When I was pregnant for the second time, I went through that thought process that I suspect every parent goes through: how am I going to love this one as much as my first? How will I find room in my heart for another? And of course, when the new baby comes along you do – because, as the saying goes, your heart expands.

For me, it’s like this with the countries that I have lived in. Every time I go somewhere new, my heart grows and I let it in.

Now don’t get me wrong, I have never loved everything about any of the places I have lived. Whether it be the food, the weather, the people, the shops – there is always something that I grouch about. But I know that deep down I still have a huge affection for each place because whenever there is a major sporting event, I find myself cheering on the athletes from Jamaica, Pakistan, the Philippines, St Lucia….and now, South Africa.

As a huge lover of athletics, this tends to be the Olympics or (as it is at the moment), the World Athletics. I am lucky in that, having lived in Jamaica, I get to do quite a lot of cheering. Usain Bolt beating Justin Gaitlin in the 100m last weekend was one of the highlights of my watching career. Almost up there with Mo winning an Olympic gold in London, or seeing Jessica Ennis-Hill finish first in the Heptathalon just one year after having a baby…

Usain_Bolt_Olympics_Celebration

But I also enjoy sportsmen and women doing well in the more obscure events: boxing, weightlifting, hockey….it doesn’t matter what it is, I feel pride in my once-adopted countries whatever the sport. Yesterday, for example, I watched the highlights of the World Athletics from the previous day and found myself willing on the South African runners in the 400m hurdles. And these are runners I have previously never even noticed. It doesn’t matter if I have been cursing all things South African moments before (which I actually haven’t been – so far, I have found very little to dislike about this country…), as soon as those athletes hit the track/pitch/pool, I am back in love with my new home.

It probably helps that most of the places we have lived DON’T feature too much in the Olympics: Jamaica really is the only flag we see raised more than a handful of times. But whenever they do, I’m there, cheering them on. If there is a Brit in the race with them I will them into second place, or at least not to come last. And if they finish first, then I feel national pride like all the people of that country. Even the next best thing counts – I have been enjoying the Caribbean nations doing particularly well in these games. And when they don’t do so well, especially if they are expected to, I feel the pain of the nation. And I will them to get up and try again.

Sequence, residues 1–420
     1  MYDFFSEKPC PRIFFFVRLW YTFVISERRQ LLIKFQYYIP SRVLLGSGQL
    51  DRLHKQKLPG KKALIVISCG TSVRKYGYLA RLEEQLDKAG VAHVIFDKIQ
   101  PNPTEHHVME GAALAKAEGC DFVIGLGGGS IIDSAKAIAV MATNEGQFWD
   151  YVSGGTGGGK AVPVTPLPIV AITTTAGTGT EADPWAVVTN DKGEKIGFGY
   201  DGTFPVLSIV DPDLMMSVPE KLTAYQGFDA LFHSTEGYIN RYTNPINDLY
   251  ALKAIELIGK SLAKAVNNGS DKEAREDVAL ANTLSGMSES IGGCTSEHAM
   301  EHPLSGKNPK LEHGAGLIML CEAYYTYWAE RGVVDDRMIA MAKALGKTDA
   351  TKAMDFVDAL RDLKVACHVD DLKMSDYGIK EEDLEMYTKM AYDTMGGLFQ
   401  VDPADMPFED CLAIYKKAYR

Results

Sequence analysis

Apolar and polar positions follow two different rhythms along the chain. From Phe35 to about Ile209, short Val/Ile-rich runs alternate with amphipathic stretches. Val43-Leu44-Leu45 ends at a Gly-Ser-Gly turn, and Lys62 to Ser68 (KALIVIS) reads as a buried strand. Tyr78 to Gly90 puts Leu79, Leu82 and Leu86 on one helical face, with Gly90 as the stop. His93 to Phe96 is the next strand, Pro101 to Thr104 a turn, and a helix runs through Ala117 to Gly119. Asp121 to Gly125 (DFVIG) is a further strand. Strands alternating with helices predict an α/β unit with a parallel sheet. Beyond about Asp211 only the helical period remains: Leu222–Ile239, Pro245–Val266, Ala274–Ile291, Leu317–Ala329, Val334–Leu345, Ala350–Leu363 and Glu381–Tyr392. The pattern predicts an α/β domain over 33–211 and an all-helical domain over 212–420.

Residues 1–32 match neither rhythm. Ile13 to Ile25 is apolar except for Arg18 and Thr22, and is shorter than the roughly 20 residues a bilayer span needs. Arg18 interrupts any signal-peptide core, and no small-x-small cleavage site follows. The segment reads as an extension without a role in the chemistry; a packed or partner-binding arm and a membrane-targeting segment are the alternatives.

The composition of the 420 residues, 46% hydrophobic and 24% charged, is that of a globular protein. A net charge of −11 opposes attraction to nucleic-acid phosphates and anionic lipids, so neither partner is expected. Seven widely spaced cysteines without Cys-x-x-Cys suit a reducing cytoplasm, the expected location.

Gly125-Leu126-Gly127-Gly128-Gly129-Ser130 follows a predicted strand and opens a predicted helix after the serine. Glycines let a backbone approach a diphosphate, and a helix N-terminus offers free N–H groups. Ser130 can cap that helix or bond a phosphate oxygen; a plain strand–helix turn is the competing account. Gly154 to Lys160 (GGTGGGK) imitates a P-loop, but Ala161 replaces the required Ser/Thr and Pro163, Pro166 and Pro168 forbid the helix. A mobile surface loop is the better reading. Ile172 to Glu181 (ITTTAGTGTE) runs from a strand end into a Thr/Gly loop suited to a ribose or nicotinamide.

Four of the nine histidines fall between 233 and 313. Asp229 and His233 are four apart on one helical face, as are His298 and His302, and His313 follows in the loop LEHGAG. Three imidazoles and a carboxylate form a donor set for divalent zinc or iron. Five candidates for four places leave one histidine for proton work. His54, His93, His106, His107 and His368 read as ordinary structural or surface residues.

Just like a proud mum!

Do you cheer for your adopted home in sporting events? What about countries you used to live in – do they still have a place in your heart? Or are you loyal to your home country?

Usain Bolt picture courtesy of Richard Giles via Wikimedia Commons

People Who Live in Small Places #6: The Scottish island of Unst

I’m so excited about this entry into my Small Places series because it’s in my own country! As I’ve posted this series, I have learnt so much about so many different places. But when you get a post like this you realise how many places there are really close to where you live that you just knew nothing about! To be honest, the northern islands of Scotland are as alien to me as some of my other “small places” (in fact, I have visited the Seychelles and lived in Gibraltar so they are a lot less alien!), which is what makes this post so fascinating.

A joint mother-daughter effort, this post about Unst, a small Scottish island, comes to you courtesy of Rhoda (mum) and Morag (daughter). Morag blogs at Wir Unst Family.

Please tell me a bit about your “small place”


Unst is an island in Shetland. It is Britain’s most northerly inhabited island and is closer to Norway than the mainland of Scotland. Often when you see a map that includes Shetland, it is in a box due East of Aberdeen, but that’s not actually where it is! There is a whole facebook group determined to get Shetland correctly on maps!

Unst has an interesting geology with multiple bands of different types of rock, all found in the area of Unst which is only 12 miles long. As a result of this diverse geology Unst has a wide variety of habitats giving a rich diversity of flora and fauna. Having said that, trees are not in abundance on the island, due to the combination of wind and salt air.